Patch: Are people talking about this?

#UI #UX #EdwardTufte

When working on a Design Sprint at Patch, I realized that our reply counts do not consider the population of the Patch edition in question.

Skip this next paragraph if you understand's notion of "Patches"

Context on Patches: At, we have a unique setup where we are running over 1200+ different editions that we call "Patches." Each Patch is a neighborhood or whole city. The population in a Patch community ranges from thousands to millions.

So when a piece of content receives X number of comments by Y users, the impact of that count is missing the context of the total size of that Patch community.

How might we represent this in our UI?

NOTE: all the following designs are rough explanations of the concepts we're exploring and not intended as final, UI polished designs [1]

Are people talking about this?

Let the volume of a circle represent the scale of the Patch community engaging in the discussion. Here are three cards with article headlines and circles representing the volume of discussion:

What's missing?

We don't have a sense of how big this is if we don't know the extremes. What would the size of the comment bubble be if every single user in the Patch community was involved? Is this story getting the mean number of comments or more or less?

How much tho?

Let's mark the total possible size by a boundary. The volume of the Patch community engaging in the discussion will vary within this boundary.

What's missing?

We now have a sense of how much of the community is involved in the chat. But is this story getting the average number of comments? Or more? Or less?

What's normal tho?

Let's mark the boundary of the average community engagement.

We now can see when a conversation is trending below, at, or above average.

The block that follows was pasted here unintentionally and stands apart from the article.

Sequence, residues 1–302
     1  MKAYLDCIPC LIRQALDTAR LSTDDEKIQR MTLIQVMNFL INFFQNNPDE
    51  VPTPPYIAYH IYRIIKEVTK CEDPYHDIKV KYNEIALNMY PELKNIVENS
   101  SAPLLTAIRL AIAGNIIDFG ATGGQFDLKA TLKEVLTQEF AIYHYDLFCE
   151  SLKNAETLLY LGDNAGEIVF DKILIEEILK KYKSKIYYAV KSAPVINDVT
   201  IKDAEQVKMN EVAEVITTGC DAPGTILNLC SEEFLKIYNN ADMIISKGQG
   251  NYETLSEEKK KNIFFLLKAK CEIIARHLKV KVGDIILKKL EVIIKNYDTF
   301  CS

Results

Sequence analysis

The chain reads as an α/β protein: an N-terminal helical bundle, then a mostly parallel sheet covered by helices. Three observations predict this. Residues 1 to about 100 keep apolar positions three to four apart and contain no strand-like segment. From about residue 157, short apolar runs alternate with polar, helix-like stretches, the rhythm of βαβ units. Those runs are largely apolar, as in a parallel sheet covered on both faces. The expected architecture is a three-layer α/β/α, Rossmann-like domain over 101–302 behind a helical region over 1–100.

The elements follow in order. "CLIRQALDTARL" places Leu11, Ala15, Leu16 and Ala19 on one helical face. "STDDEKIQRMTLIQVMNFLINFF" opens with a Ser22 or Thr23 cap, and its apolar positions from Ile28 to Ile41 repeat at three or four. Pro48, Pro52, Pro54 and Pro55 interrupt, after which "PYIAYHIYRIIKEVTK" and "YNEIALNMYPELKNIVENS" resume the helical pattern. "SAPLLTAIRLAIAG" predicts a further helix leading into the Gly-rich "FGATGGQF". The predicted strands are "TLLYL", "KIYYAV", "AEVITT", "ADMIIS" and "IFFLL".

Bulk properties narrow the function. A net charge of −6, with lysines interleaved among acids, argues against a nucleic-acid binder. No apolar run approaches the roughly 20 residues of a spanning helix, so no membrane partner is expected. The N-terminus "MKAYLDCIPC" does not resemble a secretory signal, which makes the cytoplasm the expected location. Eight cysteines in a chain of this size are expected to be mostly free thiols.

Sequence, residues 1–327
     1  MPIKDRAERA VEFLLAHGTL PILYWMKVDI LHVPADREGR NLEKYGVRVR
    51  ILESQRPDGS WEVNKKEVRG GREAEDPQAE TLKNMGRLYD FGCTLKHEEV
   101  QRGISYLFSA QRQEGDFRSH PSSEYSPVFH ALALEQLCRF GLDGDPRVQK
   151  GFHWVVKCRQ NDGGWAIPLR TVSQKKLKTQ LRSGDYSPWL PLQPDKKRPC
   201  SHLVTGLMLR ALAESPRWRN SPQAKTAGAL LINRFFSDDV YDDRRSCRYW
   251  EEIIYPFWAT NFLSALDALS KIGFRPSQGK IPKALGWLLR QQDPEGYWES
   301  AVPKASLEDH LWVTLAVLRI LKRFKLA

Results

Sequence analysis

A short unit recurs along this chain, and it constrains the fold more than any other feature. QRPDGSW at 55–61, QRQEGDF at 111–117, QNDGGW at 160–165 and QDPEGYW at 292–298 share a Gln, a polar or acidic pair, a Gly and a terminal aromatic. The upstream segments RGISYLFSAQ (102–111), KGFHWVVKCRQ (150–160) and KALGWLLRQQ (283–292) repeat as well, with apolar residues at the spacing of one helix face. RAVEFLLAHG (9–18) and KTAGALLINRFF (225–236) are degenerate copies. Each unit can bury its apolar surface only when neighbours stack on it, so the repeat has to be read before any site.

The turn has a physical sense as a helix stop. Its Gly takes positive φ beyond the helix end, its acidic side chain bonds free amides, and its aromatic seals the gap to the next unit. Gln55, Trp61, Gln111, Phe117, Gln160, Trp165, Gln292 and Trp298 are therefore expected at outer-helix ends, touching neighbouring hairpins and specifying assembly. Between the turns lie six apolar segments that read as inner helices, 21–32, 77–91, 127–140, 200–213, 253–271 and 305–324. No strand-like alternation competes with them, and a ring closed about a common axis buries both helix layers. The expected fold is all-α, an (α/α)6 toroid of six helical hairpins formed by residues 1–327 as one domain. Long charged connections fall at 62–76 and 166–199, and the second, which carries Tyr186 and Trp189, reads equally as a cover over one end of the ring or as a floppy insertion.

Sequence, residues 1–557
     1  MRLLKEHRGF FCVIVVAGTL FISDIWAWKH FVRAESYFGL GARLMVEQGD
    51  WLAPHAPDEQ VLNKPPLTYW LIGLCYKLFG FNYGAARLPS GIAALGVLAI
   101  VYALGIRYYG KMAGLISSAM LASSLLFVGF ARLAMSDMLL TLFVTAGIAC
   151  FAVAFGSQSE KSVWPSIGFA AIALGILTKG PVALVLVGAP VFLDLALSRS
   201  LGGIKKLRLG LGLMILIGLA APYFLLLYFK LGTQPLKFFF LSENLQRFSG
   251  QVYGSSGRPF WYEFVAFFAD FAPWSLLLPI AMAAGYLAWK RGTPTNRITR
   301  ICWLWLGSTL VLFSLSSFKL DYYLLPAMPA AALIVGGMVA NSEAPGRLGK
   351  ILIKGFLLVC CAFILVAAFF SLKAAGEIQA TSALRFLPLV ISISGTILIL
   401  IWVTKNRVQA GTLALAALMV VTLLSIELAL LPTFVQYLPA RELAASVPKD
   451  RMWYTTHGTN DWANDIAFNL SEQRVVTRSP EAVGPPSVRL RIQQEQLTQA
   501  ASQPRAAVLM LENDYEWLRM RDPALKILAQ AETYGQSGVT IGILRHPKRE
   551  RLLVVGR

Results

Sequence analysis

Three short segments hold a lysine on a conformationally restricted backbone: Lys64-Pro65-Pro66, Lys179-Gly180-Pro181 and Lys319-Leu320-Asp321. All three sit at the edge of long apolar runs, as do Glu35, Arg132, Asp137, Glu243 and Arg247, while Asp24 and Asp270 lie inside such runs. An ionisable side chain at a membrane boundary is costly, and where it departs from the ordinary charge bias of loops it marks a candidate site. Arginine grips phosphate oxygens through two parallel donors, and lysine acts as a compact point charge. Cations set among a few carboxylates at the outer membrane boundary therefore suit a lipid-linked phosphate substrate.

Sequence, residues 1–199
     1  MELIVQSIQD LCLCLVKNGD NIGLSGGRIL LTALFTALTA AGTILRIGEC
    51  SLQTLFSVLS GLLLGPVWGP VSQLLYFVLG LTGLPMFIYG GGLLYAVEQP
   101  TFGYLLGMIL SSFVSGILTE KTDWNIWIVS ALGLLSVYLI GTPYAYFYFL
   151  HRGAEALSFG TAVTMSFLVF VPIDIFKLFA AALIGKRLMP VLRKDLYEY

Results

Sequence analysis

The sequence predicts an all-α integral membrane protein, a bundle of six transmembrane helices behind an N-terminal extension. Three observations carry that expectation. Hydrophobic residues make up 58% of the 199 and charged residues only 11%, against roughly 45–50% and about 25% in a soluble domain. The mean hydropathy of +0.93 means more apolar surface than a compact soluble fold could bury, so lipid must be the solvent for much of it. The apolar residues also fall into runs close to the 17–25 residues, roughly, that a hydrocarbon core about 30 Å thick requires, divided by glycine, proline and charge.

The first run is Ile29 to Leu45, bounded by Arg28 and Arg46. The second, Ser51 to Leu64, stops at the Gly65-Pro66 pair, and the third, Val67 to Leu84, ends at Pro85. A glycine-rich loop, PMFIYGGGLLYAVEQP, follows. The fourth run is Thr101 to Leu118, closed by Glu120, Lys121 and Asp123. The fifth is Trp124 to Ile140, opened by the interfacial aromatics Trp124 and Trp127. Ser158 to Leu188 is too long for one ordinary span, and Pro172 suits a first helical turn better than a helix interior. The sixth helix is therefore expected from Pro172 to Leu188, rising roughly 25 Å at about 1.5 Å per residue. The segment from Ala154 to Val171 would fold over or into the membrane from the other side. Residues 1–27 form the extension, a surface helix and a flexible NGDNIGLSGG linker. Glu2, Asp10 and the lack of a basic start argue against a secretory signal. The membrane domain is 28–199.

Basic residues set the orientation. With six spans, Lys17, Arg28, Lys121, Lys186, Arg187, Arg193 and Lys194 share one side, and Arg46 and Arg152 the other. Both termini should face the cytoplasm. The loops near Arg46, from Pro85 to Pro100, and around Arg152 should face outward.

Preferred Emphasis: I'd argue that if you had to choose between knowing what percentage of the community is here? VS is more than the average community engagement happening here? that most people would be more interested in the latter.

Dynamic average: What's particularly neat about this is that we could dynamically update what "average" is. So when the average engagement changes, our UI will keep pace. My mate, Howard Jing pointed out that we should consider storing the average over time so that rendering past averages where the community size was different still render hostorically accurate.

Simple scaling: If you show an engagement UI all over your site, you'll have to the optics. On an average day, you don't want your site to look empty. And as a site owner, you want to be honest with your users. So with a UI that shows engagement relative to the average, you can be honest with your users and have the UI seem full on an average day.

Bringing this back to our article cards

Are there other dimensions of the discussion that we might want to signal?

Velocity: Perhaps we want to show the speed of the discussion. Put a 🔥 emoji on it?

Length: Perhaps the discussion is full of particularly thoughtful, long comments. Put a 📖 emoji on it?

Author: Perhaps the author of the piece weighs in on the discussion. Put a ✍️ emoji on it?

Compassion: Perhaps the AI analysis of the discussion is constructive and supportive. Put a 💚 emoji on it?

Here are those badges on our article cards:

Another mate, Brian Reidy asked how a user would know if a post was new or if the post just wasn't being discussed?

Here's a cute way to show that:

The 🐣 badge shows when the post is new and goes away when the post reaches a certain age, perhaps the average time it takes for the first comment?


Both average and total?

You could try to show engagement relative to both the average and the total possible, but it becomes a UI challenge:

[1] the more I worked on these images, the more I saw the green circles as green-eggs cooking in frying pans. 🍳 then I started seeing the green circle as an eye in a little bird's head! 🐤